Orr beads

Handmade glass beads by Kristen Frantzen Orr

Cynthia Delaney, Free Press Correspondent

ELKO – As the weather begins to change in northeastern Nevada, Great Basin College continuing education is offering classes that are perfect for the indoor hobby-enthusiast or busy people who want to learn something new.

Upcoming courses include the art of eggery, paralegal studies, QuickBooks, blogging, glass bead-making, basic life support and driver education. For a full list of upcoming classes and events, and to register, visit www.campusce.net/gbcnv.

Creative Classes

“Students are always uncertain what the art of eggery is,” said Angie de Braga, director of continuing education. “Imagine creating a shadow box out of a large egg. Students who enroll in the art of eggery course will be designing a winter snowman scene inside a rhea egg, as well as a unique holiday ornament in a goose egg.”

Shandry Jarell will be instructing the eggery course from 9 a.m. to 6 p.m. Oct. 21 in the Greenhaw Technical Arts building, Room 122. Cost is $125 and includes all materials.

Art enthusiasts may also be interested in registering for glass bead-making: Italian glass with Kristen Frantzen Orr.

Italian glass beads are made by carefully melting glass over an oxygen-propane torch. The class is suitable for first-timers and experienced bead makers.

The class is 10 a.m. to 4:30 p.m. Nov. 4 and Nov. 5 in the Arts Annex, Room 103. Cost is $265 and includes all materials.

For those interested in expressing themselves via the worldwide web, Blogging for Fun and Profit I & II will be offered 11 a.m. to 1 p.m. Nov. 3 and Nov. 4 in the High Tech Center, Room 110.

Julie Robinson will instruct the classes via interactive video from Pahrump. Cost is $44 for each class.

Paralegal Studies

Community members interested in pursuing the continuing education certificate in paralegal studies may also sign up for paralegal classes offered throughout the year. Paralegal classes beginning soon include Legal Research and Writing I and Legal Ethics and Communication Skills.

“Both classes count towards the paralegal certificate,” de Braga said. “Students don’t necessarily need to sign up for paralegal studies at the traditional start of the semester. The program accepts students at midterm when the new classes begin.”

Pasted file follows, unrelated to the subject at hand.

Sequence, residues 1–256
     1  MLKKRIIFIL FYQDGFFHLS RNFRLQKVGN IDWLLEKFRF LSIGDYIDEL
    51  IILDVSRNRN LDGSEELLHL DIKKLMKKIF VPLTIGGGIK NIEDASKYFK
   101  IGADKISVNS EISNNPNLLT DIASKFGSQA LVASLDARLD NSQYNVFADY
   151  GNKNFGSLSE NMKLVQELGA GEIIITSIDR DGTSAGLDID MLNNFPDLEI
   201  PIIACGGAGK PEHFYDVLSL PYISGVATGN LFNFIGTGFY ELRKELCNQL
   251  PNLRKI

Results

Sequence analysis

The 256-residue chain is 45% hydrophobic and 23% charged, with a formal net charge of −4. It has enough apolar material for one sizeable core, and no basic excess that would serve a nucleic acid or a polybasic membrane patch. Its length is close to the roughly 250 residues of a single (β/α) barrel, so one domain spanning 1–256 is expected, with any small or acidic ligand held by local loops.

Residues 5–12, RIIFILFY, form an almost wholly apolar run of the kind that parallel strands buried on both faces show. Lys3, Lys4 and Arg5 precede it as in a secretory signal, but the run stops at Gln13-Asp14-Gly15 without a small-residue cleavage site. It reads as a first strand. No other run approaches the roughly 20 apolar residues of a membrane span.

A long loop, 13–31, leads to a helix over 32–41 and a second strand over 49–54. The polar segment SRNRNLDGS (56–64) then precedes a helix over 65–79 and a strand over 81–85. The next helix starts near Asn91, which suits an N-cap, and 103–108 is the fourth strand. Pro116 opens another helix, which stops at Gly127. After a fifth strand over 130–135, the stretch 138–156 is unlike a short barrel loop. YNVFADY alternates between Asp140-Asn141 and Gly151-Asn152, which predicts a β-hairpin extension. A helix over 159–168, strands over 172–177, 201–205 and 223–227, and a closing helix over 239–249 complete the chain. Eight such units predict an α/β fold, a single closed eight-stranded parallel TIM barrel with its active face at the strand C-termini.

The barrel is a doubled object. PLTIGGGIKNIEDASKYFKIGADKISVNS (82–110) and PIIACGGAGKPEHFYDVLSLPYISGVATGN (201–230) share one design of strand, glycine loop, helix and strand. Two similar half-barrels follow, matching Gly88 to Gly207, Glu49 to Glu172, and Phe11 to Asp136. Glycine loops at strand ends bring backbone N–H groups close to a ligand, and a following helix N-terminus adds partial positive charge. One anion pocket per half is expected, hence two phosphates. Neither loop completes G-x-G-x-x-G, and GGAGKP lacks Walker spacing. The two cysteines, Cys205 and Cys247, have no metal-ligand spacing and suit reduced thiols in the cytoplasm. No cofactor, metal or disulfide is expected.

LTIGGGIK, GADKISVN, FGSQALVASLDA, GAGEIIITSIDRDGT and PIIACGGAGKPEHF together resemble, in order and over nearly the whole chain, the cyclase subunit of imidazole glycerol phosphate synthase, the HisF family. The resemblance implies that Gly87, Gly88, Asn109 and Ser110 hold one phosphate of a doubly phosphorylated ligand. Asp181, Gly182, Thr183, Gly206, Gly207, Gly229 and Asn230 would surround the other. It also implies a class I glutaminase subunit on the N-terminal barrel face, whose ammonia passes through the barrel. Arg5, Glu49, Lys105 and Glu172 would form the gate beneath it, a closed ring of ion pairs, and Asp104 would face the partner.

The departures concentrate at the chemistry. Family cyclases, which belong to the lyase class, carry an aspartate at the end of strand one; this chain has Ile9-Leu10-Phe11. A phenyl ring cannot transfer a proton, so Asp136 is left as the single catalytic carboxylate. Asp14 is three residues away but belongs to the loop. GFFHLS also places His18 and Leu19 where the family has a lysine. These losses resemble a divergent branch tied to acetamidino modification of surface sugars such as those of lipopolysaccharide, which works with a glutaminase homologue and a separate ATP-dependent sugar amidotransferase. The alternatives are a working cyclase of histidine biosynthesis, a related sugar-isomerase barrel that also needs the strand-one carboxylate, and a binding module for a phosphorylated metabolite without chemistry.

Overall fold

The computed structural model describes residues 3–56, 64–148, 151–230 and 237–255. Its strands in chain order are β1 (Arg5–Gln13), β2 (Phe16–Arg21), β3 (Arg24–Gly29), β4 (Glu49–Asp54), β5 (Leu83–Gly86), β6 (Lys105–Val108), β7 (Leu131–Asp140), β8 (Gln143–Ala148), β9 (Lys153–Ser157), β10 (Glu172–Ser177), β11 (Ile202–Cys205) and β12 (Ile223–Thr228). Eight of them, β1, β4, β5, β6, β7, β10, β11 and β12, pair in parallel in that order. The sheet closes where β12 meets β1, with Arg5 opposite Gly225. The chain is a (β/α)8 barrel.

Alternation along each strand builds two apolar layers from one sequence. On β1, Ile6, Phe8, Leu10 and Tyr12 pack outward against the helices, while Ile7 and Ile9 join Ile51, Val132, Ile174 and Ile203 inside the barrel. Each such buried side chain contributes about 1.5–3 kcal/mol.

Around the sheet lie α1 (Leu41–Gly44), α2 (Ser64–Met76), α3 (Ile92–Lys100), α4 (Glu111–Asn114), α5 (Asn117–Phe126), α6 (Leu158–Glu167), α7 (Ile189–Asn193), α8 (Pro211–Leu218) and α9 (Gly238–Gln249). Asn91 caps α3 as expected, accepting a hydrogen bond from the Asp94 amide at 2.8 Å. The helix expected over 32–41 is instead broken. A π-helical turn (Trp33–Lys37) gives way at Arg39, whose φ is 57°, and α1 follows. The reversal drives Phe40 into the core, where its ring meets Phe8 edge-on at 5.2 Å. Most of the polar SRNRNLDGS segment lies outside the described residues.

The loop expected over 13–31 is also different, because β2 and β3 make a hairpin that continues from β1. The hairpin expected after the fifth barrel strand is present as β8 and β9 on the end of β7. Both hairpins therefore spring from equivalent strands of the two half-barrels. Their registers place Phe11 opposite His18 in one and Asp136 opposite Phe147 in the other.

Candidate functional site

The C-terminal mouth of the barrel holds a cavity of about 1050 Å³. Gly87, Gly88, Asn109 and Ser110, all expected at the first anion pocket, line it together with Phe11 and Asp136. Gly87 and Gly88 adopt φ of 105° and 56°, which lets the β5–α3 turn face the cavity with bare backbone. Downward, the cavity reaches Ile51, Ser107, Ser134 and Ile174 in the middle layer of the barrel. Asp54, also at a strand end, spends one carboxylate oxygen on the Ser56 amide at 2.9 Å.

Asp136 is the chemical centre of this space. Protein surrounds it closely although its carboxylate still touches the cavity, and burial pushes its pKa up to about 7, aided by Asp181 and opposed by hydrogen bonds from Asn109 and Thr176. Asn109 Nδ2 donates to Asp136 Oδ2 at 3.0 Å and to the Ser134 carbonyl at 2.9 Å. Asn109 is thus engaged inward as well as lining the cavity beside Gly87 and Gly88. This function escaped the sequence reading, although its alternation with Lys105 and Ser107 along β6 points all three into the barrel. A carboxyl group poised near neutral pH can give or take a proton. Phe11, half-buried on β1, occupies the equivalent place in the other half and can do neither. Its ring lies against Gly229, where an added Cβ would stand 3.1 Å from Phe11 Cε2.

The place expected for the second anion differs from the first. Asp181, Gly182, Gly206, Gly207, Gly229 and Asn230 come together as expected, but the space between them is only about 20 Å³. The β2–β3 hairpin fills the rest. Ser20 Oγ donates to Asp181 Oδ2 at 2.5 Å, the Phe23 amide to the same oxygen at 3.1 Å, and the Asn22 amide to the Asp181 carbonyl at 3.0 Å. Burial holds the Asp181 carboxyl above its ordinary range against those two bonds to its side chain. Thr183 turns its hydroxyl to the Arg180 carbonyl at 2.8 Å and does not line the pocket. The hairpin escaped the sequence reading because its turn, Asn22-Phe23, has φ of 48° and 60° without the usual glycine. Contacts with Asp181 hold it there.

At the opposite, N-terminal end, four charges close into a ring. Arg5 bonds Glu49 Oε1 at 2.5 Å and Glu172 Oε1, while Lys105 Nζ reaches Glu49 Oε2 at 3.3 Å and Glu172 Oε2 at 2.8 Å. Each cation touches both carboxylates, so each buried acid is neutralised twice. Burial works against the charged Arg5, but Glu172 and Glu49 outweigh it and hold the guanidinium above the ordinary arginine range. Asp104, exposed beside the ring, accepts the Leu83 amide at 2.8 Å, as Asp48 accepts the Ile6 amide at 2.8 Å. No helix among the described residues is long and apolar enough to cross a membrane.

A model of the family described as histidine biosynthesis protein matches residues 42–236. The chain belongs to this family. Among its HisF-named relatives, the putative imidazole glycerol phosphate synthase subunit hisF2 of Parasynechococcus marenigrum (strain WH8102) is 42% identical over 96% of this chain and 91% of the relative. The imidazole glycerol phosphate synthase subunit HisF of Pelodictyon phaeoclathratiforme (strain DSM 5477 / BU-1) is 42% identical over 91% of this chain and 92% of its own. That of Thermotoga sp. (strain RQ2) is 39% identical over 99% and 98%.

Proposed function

She explained that the schedule is modeled “after successful executive business programs. It is very attractive to adults to study fewer subjects in a more concentrated format of eight weeks, versus a 16-week semester.”

This certificate program is a noncredit program taught in Elko and offered via interactive video in Battle Mountain, Ely, Pahrump, Wendover and Winnemucca.

Legal Research & Writing I begins Oct. 24 and is in GTA 128. Legal Ethics and Communication Skills begins is on Oct. 25 at the High Tech Center, Room 139.

Courses cost $219.50 and are approximately eight weeks long. In addition, students are required to purchase a subscription to Westlaw for a discounted rate through GBC.

Free Community Event

The community is also invited to attend GBC Arts and Cultural Enrichment committee’s free art and science event, titled “Dirty Ar,” Oct. 17.

“Dirty Art: The Emergence of Visual Art as a Scientific Method” is led by special guest Jay Noller, Ph.D.

Professor Noller is the department head of crop and soil science at Oregon State University. During the workshop, Noller will instruct participants on how to paint with our local soils beginning at 4 p.m. in the GTA building, Room 122.

Participants’ artwork will be displayed at the lecture afterthe workshop at 7 p.m., in the GTA building, Room 130.

His lecture will describe how painting and land art has reinvigorated his research on the origins of soils and peoples of different landscapes, and how it has expanded his soil science outreach.

Noller has a connection to GBC through geology professor Carrie Bruno-Meisner. He was her graduate school adviser at Oregon State University and they worked together in the Eastern Korinthia, Greece, on an interdisciplinary archaeology survey, investigating changes in climate using geologic clues preserved in soils and substrates over the past 300,000 years.

“Dr. Jay Noller is an engaging, charismatic soil scientist and soil artist. With two degrees in geology, a Ph.D. in soil geomorphology, and research involving soil development, art and linking landscape to culture, his talk will appeal to a broad audience,” Bruno-Meisner said.

Noller authored the book, “Field to Palette,” and it will be published this year.


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